In the history of public broadcasts there can be few as notable as the one recorded "off air" by my grandfather onto the EKCO disc below. This is the first royal Christmas message delivered by King George V in 1932 and one of the first broadcasts made to the British Empire. Received by an estimated 20 million listeners across the world and with many HMV records pressed, this metal disc may yet be the only original recording that has survived.
What impact did this message have on those overseas listeners? To them the King was a head on a coin, an artist’s portrait, a photograph reproduced in newspaper print, a silent projection in a huddled cinema. Hearing this mythological figure speak to them in their homes in India, Canada, Australia and Africa, thousands of miles from the British Isles, would have thrilled and astonished.
The King’s short message followed a carol service broadcast from a church local to his Sandringham estate. The EKCO disc contains almost the entire 3 minutes, but his voice is attenuated and obscured by noise. This noise is due to impact with the aluminium grain but may be worsened by dirt. The attenuation may be due to wear from repeated play or poor amplification or reception during the original recording. The MP3 below represents best effort to present the King’s closing words. First is a clear HMV record downloaded from iTunes followed by the original EKCO recording including my grandfather’s authenticating remarks.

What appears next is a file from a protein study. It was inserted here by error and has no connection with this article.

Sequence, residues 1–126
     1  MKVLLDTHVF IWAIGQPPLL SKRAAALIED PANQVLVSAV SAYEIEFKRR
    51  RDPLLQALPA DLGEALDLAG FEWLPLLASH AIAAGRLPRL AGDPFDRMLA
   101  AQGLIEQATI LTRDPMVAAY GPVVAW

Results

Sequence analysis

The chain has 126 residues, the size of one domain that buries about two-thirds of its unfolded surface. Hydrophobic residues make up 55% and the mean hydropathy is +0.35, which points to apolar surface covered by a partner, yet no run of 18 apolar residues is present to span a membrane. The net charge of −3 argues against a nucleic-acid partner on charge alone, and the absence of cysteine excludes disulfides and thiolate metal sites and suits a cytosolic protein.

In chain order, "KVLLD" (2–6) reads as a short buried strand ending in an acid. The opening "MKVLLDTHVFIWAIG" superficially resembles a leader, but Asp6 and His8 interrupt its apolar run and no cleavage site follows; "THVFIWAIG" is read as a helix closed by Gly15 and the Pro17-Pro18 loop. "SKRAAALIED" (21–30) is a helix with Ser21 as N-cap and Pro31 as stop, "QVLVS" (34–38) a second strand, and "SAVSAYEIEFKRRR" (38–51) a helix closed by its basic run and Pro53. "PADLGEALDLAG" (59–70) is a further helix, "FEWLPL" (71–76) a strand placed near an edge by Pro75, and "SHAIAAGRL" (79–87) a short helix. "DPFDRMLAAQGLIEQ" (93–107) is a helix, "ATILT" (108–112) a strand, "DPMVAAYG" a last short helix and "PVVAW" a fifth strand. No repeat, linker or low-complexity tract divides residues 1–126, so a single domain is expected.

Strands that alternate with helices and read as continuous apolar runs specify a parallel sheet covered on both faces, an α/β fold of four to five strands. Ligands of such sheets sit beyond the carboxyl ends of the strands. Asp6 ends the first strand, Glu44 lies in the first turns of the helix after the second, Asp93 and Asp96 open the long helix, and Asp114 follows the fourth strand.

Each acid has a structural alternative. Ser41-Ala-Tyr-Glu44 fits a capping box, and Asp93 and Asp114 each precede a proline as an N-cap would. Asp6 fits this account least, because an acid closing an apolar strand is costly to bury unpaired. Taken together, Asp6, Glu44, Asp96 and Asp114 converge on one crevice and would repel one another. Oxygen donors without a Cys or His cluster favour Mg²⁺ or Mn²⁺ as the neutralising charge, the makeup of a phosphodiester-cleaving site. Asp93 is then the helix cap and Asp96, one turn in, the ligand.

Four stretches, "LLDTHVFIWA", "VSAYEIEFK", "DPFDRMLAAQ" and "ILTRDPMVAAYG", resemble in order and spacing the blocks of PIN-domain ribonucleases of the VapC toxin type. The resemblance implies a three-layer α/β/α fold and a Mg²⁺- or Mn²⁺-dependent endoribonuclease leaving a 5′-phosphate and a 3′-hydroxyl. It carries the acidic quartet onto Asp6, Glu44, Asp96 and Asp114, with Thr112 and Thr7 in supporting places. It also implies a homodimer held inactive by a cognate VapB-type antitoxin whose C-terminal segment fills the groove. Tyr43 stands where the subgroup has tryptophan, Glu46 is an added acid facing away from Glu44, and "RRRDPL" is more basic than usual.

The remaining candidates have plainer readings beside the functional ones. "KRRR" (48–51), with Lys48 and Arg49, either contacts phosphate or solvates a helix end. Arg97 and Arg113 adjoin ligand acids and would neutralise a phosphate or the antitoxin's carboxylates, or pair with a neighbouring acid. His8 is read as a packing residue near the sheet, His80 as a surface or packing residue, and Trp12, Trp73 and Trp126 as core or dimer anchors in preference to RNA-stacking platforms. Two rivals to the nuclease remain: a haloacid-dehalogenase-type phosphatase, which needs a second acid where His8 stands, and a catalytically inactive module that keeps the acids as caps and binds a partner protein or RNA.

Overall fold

Quality aside, the EKCO record is still discernible and shows the King’s “plum pudding” voice extraordinarily well suited to the occasion. His reputation as a stubborn technophobe lends the ground-breaking broadcast even greater appeal. Did "Grandpa England" (as our Queen once called him) believe the BBC had packed his subjects into little box microphones so he could speak to them?
Or perhaps he knew his voice was being sent on a new shortwave signal and bounced off the sky to defeat the earth’s curve and find the far side. For the science had repercussions far more magical. It would make meteorologists out of the BBC engineers in Daventry, now to follow sunspot activity as avidly as the latest valve technology from Marconi. Meanwhile in Broadcasting House new recording technology would be used to enable repeat BBC news broadcasts across each of the Empire’s time zones.
No longer would those bowler-hatted BBC controllers just be dreaming of their listeners in the Home Counties as they returned home daily from Broadcasting House ... but also those in Bombay, Brisbane and Canada.
Greenbank Records, Plymouth, England